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Let $X/k$ be a smooth projective variety over a finite field of characteristic $p$ and $\mathscr{A}/X$ be an Abelian scheme.

Is then $H^1_\mathrm{SYN}(X,\mathscr{A}[p]) = H^1_\mathrm{fppf}(X,\mathscr{A}[p])$ finite?

This is true if $X$ is a curve, see [Milne, Arithmetic Duality Theorems http://jmilne.org/math/Books/ADTnot.pdf ], p. 292, Lemma III.8.9.

Edit: I know it in the case $\mathscr{A} = A \times_k X$ is a constant Abelian scheme since then $H^1(X,\mathscr{A})[p]$ is finite and the Kummer sequence induces a short exact sequence $$0 \to \mathscr{A}(X)/p \to H^1_\mathrm{SYN}(X,\mathscr{A}[p]) \to H^1(X,\mathscr{A})[p] \to 0$$ and $\mathscr{A}(X)/p$ is finite by the Mordell-Weil theorem.

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    $\begingroup$ From a quick inspection it seems that Theorem III.5.6 implies the case where $\mathcal A[p]$ or its dual has height one. The only place where the proof of Lemma 8.9 uses that $X$ is a curve is to make a filtration by height one pieces (using Lemma B.1). Is this known to fail for higher-dimensional varieties? $\endgroup$ Dec 17 '16 at 7:49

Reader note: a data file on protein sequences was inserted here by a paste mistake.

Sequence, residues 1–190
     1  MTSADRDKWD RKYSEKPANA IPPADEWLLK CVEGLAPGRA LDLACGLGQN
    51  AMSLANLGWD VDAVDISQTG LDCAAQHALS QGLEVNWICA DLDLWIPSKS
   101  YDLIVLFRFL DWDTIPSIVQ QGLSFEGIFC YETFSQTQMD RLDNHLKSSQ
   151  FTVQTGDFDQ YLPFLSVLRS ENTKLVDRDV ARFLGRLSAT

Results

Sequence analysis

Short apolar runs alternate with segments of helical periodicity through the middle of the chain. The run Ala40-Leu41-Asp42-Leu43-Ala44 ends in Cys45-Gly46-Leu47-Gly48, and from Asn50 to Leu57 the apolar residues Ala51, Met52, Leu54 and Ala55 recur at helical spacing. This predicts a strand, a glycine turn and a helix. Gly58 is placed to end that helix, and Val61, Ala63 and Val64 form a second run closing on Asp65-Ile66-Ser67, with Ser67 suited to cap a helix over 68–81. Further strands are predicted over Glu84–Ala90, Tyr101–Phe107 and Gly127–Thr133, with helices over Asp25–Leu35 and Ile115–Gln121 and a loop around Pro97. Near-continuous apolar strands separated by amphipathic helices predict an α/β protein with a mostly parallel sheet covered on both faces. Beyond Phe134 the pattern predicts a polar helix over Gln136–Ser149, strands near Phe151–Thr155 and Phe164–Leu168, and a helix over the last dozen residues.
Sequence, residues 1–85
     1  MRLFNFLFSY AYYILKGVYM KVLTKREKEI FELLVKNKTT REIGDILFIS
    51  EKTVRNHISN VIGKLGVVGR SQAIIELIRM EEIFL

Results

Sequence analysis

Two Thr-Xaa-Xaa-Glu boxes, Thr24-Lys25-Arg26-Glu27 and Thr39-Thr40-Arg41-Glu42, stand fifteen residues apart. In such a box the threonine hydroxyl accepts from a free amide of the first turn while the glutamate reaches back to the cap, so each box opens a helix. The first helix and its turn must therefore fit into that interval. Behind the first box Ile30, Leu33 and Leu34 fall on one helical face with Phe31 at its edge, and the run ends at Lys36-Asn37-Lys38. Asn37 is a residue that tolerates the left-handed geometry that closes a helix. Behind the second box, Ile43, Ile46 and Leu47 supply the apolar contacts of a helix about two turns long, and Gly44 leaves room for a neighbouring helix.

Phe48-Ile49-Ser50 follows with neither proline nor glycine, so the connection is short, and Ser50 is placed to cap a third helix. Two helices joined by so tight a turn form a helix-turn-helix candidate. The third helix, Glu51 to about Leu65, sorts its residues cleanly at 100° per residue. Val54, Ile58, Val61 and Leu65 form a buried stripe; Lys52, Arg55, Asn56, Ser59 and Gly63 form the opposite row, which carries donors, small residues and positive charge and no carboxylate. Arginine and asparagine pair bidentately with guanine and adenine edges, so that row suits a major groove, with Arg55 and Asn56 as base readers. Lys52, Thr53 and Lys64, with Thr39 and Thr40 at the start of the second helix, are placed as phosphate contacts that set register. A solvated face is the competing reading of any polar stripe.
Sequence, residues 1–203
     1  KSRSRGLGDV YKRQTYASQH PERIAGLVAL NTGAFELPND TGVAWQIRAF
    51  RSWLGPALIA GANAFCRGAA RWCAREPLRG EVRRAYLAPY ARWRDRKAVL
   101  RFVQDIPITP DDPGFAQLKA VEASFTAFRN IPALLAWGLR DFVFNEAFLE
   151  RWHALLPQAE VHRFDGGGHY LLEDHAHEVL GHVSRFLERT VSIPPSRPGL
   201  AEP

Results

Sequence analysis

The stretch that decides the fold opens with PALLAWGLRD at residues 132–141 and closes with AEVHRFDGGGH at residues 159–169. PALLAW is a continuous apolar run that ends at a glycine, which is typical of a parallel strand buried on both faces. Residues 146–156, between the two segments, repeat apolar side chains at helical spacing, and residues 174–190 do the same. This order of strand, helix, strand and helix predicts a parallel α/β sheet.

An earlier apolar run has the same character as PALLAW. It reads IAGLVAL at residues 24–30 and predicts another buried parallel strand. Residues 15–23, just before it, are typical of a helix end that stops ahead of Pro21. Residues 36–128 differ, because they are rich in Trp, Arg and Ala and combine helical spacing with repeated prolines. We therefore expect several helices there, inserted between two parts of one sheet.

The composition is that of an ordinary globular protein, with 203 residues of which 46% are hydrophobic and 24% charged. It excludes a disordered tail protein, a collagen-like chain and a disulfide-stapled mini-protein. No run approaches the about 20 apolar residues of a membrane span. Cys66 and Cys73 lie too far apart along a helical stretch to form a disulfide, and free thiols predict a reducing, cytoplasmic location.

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    $\begingroup$ @R.vanDobbendeBruyn I don't think any nontrivial filtration can exist of $\mathcal A[p]$ for $A$ the moduli space of abelian varieties - over the ordinary locus, only the canonical subgroup is preserved by monodromy, but that doesn't extend to the supersingular points. Presumably things aren't much better on compact Shimura subvarieties, say. $\endgroup$
    – Will Sawin
    Dec 18 '16 at 11:08
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    $\begingroup$ @WillSawin: ah, that makes sense. In fact, going from the ordinary to the supersingular locus makes me appreciate the existence of such a filtration over a curve much more. $\endgroup$ Dec 18 '16 at 11:56
  • $\begingroup$ So do you think the statement is wrong for $X$ higher dimensional? Or just that there is no easy generalisation of Milne's argument? $\endgroup$
    – user19475
    Dec 18 '16 at 11:58
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    $\begingroup$ So far we only discussed the latter. It is very well possible that the result is still true by a different argument. $\endgroup$ Dec 18 '16 at 11:59
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Let $k$ be a finite field. Let $X$ be a normal proper variety. Let $G$ be a finite flat commutative group scheme over $X$ of order a power of $p$.

Lemma 1. If $T$ is a $G$-torsor over $X$ and $T$ is trivial over the generic point of $X$, then $T$ is trivial.